2. Slowly begin to add your ice water a tablespoon at a time. If making it by hand, pour into the center of the flour and gently toss the flour into the water with the bench scraper, knife or a fork until you have a crumbly mixture. At this point be very careful with the amount of water that you add because it only needs a few teaspoons more.
  3. When your dough is shaggy, which means it looks like shards or strands of pastry, and there is still some loose flour, turn out your dough from the mixer or food processor and work the dough together by gathering it and pressing away from you with the heal of your hand. Do this JUST until it comes together. If it is crumbling, then dip your hand in a little ice water and pat it on the pastry dough. Seriously, that’s it. Remember the gluten!
  4. Divide the dough in half and press each half into a disk. Wrap in plastic wrap and chill for 2 hours or overnight. If you chill your dough overnight, you will need to let it rest a bit before rolling or it will be too cold and it will crack. Don’t fret, I’ll do another tutorial on this soon!
  5. Roll and do whatever your little heart desires with that gorgeous, buttery dough!


This pie dough will keep for 3 days in the refrigerator or 2 months in the freezer. Wrap it well! Defrost it in the fridge overnight for best results.

Prep time varies by the method you choose. Here is a break down:

Food Processor- 4 minutes

Stand Mixer- 7 minutes

Pastry Blender- 7 minutes

Bench Scraper- 10 minutes

Two Knives- 12 minutes

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  1. says

    LOVE LOVE LOVE the videos! Lady so glad you conquered your fear and decided to put your gorgeous face out there for the world to see! I am one of those people that shies away from crust and I learned so much after watching your videos – I had no idea that dough was rechilled after it was made so the water could distribute and the butter resolidify so the crust was flakier.
    Thank you bunches!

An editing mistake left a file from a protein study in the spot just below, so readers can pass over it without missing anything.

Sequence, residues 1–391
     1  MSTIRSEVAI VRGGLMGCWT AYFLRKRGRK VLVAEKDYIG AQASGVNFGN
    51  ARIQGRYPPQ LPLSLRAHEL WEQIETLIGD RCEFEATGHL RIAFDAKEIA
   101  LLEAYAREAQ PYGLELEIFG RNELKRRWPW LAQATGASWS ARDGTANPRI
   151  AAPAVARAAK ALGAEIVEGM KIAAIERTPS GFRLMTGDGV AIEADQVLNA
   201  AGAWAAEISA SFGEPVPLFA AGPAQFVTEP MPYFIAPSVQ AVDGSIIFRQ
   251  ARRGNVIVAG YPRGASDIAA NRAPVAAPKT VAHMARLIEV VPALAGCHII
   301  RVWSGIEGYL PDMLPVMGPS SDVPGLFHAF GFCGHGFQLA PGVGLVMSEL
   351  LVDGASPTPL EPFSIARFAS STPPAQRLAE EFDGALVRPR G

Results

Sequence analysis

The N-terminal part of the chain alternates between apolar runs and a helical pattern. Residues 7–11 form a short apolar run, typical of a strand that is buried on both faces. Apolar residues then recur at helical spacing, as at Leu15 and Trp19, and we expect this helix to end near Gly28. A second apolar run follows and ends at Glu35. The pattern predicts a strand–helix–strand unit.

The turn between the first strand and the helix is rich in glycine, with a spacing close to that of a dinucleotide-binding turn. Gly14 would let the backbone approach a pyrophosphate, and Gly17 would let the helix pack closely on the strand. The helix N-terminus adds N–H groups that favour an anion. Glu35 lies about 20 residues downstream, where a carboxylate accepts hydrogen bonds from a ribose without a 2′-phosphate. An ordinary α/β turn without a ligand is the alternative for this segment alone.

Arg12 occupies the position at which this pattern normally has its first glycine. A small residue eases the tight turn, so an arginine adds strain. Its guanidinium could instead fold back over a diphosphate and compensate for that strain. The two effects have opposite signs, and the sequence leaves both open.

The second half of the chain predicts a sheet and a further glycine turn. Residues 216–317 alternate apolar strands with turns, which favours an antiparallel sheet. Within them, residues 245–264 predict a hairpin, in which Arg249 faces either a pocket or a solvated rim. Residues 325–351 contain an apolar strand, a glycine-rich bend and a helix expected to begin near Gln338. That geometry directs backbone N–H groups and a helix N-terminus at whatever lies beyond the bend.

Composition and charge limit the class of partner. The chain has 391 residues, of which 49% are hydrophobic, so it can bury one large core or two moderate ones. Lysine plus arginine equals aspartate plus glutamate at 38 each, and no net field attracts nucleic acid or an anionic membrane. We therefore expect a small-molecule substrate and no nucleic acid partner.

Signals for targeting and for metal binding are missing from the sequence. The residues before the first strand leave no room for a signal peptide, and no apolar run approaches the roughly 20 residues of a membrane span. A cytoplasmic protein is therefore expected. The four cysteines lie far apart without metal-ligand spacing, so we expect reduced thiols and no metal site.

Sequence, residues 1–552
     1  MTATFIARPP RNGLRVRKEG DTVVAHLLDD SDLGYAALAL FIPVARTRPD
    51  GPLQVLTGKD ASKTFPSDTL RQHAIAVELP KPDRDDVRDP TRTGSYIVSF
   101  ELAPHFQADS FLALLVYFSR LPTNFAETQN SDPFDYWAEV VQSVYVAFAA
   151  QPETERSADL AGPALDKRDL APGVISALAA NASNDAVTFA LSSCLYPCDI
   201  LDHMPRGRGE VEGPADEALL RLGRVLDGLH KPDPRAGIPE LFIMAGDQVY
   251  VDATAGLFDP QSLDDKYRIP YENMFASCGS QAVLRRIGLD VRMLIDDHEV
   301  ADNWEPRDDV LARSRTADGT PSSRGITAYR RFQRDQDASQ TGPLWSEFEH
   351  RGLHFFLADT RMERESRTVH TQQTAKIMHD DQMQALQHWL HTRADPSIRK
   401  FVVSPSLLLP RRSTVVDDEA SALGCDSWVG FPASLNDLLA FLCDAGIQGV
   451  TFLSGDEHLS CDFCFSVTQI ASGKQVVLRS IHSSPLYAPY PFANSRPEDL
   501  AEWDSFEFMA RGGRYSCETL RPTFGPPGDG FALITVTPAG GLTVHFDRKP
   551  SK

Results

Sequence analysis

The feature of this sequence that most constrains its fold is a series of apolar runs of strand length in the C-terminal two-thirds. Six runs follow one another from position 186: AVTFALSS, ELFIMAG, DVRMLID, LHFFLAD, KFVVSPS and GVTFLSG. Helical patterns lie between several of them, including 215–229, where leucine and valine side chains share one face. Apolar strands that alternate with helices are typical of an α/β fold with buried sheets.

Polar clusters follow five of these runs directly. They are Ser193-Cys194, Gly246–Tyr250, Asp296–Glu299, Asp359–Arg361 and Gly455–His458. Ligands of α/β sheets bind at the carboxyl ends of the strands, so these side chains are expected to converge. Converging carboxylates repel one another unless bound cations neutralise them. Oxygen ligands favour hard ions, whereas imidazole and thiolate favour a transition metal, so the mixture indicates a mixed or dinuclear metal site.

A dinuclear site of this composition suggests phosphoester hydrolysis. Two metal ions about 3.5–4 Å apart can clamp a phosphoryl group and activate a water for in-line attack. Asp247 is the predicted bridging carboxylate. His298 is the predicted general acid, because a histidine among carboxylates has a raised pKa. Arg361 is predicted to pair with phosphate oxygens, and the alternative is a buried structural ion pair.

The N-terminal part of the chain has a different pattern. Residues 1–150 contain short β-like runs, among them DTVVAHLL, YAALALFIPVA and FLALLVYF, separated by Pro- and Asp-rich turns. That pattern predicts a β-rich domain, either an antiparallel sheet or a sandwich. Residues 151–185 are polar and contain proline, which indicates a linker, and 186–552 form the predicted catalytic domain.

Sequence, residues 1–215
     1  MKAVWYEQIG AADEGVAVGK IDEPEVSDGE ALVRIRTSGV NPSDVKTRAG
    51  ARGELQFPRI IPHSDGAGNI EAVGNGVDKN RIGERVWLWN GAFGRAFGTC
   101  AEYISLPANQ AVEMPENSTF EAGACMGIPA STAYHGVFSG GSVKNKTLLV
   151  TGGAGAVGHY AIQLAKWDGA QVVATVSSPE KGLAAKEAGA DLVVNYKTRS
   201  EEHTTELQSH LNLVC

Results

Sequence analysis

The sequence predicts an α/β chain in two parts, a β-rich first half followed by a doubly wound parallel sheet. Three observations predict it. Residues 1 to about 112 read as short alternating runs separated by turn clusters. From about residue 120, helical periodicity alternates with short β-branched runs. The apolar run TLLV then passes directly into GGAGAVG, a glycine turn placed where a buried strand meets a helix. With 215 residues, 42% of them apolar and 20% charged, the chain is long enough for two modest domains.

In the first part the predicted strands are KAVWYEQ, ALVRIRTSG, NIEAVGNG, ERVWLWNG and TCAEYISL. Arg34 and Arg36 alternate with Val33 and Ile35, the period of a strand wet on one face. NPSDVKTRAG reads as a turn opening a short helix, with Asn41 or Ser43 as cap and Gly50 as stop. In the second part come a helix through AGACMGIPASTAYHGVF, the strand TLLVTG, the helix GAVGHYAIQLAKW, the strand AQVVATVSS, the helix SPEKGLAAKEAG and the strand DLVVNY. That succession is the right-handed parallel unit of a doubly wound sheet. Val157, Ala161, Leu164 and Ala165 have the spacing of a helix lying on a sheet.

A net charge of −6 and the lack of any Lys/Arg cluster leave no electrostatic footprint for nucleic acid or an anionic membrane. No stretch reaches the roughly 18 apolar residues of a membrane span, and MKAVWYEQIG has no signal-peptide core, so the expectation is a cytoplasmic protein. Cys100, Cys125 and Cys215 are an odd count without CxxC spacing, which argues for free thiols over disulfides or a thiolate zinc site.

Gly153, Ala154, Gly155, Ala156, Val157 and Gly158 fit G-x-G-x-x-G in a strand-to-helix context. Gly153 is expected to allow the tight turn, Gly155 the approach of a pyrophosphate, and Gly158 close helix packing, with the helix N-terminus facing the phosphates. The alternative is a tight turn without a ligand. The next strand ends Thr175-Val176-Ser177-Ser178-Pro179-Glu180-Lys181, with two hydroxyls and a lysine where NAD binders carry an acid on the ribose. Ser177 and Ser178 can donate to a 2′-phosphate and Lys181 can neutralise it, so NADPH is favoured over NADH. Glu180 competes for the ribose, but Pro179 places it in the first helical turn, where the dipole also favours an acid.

Shashi at RunninSrilankan recently posted…Lime Yogurt Custard In Delicata Squash BoatsMy Profile

    • Lindsey says

      Thank you so much Shashi!!!! And thank you for watching them! I’m so glad you learned a little something 🙂 My job = DONE

  2. says

    Excellent post, L! I mean you made all sorts of videos, too! And you even color-coordinated your outfits. #Overachiever Haha…just kidding. You nailed it with this post, and I cant wait to make some T-giving pies. All butter, of course. Well done, my NYC friend, well done. Also, curling tomorrow night? 🙂
    David @ Spiced recently posted…Chocolate Pound Cake with Nutella GlazeMy Profile

    • Lindsey says

      Thanks, David!!! I’m glad someone noticed my outfits! lol

      With a little bit of heads-up, I would have come up for curling! I usually have off on Tuesdays

    • Lindsey says

      Hahah thanks, Gayle! Email me any time and I’ll let you know everything I know! Right now that could probably fit in a paragraph! lol

  3. says

    I loved your videos! You are so adorable and I love that you are sharing all the different methods to make the best pie crust! Your pies are always perfect and these tutorials are super helpful! Pinned 🙂

  4. says

    BCS I was intimidated by pie crust too! After 6 months and several pies later, it was like the back of my hand, because it really is easy. I love your videos for every method and your detailed post. Pie crust doesn’t have to be scary! Videos to me are scary, too…I still want to do them but yeah…I’m scared. 🙂
    marcie recently posted…Healthy Weekly Meal Plan 11.21.2015My Profile

    • Lindsey says

      Ahh BCS 🙂 I knew you would understand. Videos are super scary but you can absolutely do them. I just needed to start somewhere that I was comfortable…like pie crusts. I will definitely make more!

  5. says

    Phenomenal vids, Linds! Epic! You did a swell job and I am so happy for and proud of you! I stopped by the day you dropped by my blog and watched each video then got sidetracked before I could reply. Anyway, here I am today! Great idea to share each way to make pie pastry as anyone can do it…even in a modestly equipped kitchen. No excuses not to make homemade pie pastry, people! 🙂 Blue is your color girl…brings out your eyes. And I love your curly ponytail…so pretty! Thanks for sharing, my friend. Warmest wishes to you and yours for a fun and meaningful Thanksgiving Day! xo
    Stacy | Wicked Good Kitchen recently posted…Honey-Nut Rugelach Holiday CookiesMy Profile

  6. says

    Oh my goodness, why wasn’t this up when I was making SO many pies this past month??!? Even having made tons of pies…crust still stresses me out. This is SO helpful 🙂 and I’m totally subscribing to you on YouTube! So exciting to start making videos 🙂
    Rachel @ Bakerita recently posted…Paleo Cranberry Crumb BarsMy Profile